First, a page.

New Castle delays marijuana dispensaries for nine months
Post Independent Staff
NEW CASTLE — Although one local resident objected to a proposed ban against retail marijuana shops in town and one council member argued for a time out on the issue, the town council went ahead on Tuesday with its plans to delay development any such stores here, at least for the next nine months.
In May 2014, according to town administrator Tom Baker, the ban will come up for reconsideration.
In the meantime, the town will watch to see what kinds of additional rules the state comes up with to regulate the recreational marijuana industry created by Amendment 64 to the Colorado Constitution, passed by the voters last year.
The state Department of Revenue, which will regulate the new industry, on Monday issued its first round of regulations to govern the growth, packaging and sale of pot, which is now legal for anyone 21 years of age or over in Colorado.
The report on the regulations, more than 60 pages long, was highlighted at the New Castle council meeting on Tuesday during a presentation by town attorney David McConaughy, and by a lengthy speech by Councilor Greg Russi.
McConaughy, in his presentation, noted more than once that while the regulations issued on Monday are final in and of themselves, the legislature has made it clear that more rules and regulations can be expected in the future.
So, he said of the two-page ordinance designed to prohibit such stores from doing business in New Castle, “I was trying to keep this short and sweet,” and merely provided cross-references to the state law within the text of the town’s ordinance.
Councilor Art Riddile, early in the discussion, appeared to be hoping to cut debate short when he moved to adopt the ordinance. But Russi, who was not present at a special meeting on June 26 where the council agreed to the idea of the ban, demanded to be allowed to speak on the subject.
“I continue to believe that New Castle should follow the lead of the voters,” he said, noting that the voters approved Amendment 64 by nearly 60 percent in the 2012 election.
His position was seconded by the only citizen to speak at the meeting, New Castle Resident Chip Nealy, who told the council, “I think you should stand up and do what the people want. Otherwise, it’s a tyranny of the minority.”
When Mayor Frank Breslin bristled at the word, “tyranny,” and started to object, Russi pointed out, “He’s quoting the founding fathers” and reminded Breslin that the concept of a “tyranny of the minority” was much on the minds of revolutionary America in the late 1700s.
Russi told his fellow counselors that, after reading the Department of Revenue’s new set of regulations for the pot industry, “I believe that … the regulations could hardly be more comprehensive.”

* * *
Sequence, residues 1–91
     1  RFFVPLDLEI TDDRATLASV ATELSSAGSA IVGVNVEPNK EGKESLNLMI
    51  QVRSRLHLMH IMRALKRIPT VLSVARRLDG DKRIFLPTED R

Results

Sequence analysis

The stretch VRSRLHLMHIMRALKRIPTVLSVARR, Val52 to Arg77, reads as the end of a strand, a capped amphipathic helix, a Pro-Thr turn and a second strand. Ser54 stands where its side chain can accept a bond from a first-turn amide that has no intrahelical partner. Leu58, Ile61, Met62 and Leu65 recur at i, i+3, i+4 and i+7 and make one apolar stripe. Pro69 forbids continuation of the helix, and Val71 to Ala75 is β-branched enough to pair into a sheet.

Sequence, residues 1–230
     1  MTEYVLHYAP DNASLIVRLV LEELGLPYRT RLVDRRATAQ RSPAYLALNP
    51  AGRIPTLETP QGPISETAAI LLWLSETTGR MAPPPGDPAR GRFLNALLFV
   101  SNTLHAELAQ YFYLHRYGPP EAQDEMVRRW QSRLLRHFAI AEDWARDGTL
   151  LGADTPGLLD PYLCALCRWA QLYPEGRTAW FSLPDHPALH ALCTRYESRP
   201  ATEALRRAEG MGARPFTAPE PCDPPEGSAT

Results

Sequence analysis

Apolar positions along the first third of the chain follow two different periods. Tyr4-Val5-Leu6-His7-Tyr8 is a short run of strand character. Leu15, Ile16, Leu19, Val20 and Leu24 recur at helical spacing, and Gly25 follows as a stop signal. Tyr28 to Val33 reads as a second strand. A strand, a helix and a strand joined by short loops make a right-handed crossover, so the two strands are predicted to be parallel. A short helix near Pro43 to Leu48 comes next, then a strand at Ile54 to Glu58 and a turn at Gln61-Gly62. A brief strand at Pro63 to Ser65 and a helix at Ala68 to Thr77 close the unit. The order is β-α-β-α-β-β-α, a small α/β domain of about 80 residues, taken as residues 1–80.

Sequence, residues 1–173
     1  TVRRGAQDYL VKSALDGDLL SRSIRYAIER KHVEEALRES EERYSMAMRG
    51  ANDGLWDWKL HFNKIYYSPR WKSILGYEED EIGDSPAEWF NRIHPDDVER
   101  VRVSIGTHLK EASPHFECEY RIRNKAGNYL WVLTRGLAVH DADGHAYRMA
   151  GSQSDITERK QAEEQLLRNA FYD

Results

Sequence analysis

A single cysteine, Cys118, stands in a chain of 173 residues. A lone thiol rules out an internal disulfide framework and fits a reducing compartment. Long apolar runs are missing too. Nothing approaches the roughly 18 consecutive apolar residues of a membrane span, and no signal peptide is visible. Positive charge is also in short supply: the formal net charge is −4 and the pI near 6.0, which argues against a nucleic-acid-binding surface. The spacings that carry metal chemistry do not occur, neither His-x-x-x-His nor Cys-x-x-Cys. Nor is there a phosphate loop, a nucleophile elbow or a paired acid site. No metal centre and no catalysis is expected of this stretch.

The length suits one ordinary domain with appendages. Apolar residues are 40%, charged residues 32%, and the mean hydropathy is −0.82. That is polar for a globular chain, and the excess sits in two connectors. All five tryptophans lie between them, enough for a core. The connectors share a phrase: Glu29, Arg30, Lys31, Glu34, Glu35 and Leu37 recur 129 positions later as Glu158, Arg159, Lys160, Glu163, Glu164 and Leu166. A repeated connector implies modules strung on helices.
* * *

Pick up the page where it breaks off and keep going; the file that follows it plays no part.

He maintained that the state’s regulations are “onerous in every element of that business,” with tight restrictions intended to keep the businesses on a close leash with regard to possibility of sales to underage customers and other issues that have raised questions at the state and local level.
He suggested the town should either forgo setting up its own regulations, and follow the state’s rules, or wait before approving local regulations until more is known about any additional regulations the state will come up with.
But the mayor noted that the town already has invested a certain amount in attorney’s fees for McConaughy to draft the proposed ordinance.
Breslin also questioned the practical issue of pot businesses’ ability to pay local and state taxes, since they can’t get bank accounts at federally insured banks because marijuana is still illegal under federal law.
He told the others on the council that he had only just heard that from Riddile, declaring, “I didn’t know that.”
Riddile, in turn, supported Breslin, declaring, “I think any fiscally responsible person would be very wary about allowing a business to come into their town,” under such circumstances.
Breslin stood firm in response to suggestions by Russi and Councilor Bruce Leland that the town wait for a while to see how things progress before passing a ban, noting that a ban can easily be appealed but maintaining that once the shops opened up for business, “we can’t shut them down.”
Councilor Bob Gordon, another proponent of the ban, said that if the shops can’t do business in New Castle, they will shift their focus to Rifle or Glenwood Springs, “and to me, that’s a good thing.”
Breslin agreed, saying, “Let somebody else do it, you know, invent the wheel,” meaning go through the difficulties of finding ways to accommodate the retail marijuana business.
In the end the council voted unanimously to impose the temporary ban on retail sale of marijuana for nine months.
In a related decision, the council has agreed to pass on to the planning and zoning commission the question of whether the town should allow or prohibit the growing of pot within town limits, as well as the manufacture of so-called “infused products,” meaning edible products laced with pot.
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Grace Wesseling is an animal lover, a cheerleader of seven years and another soon-to-be graduate of Bridges High School, class of 2021.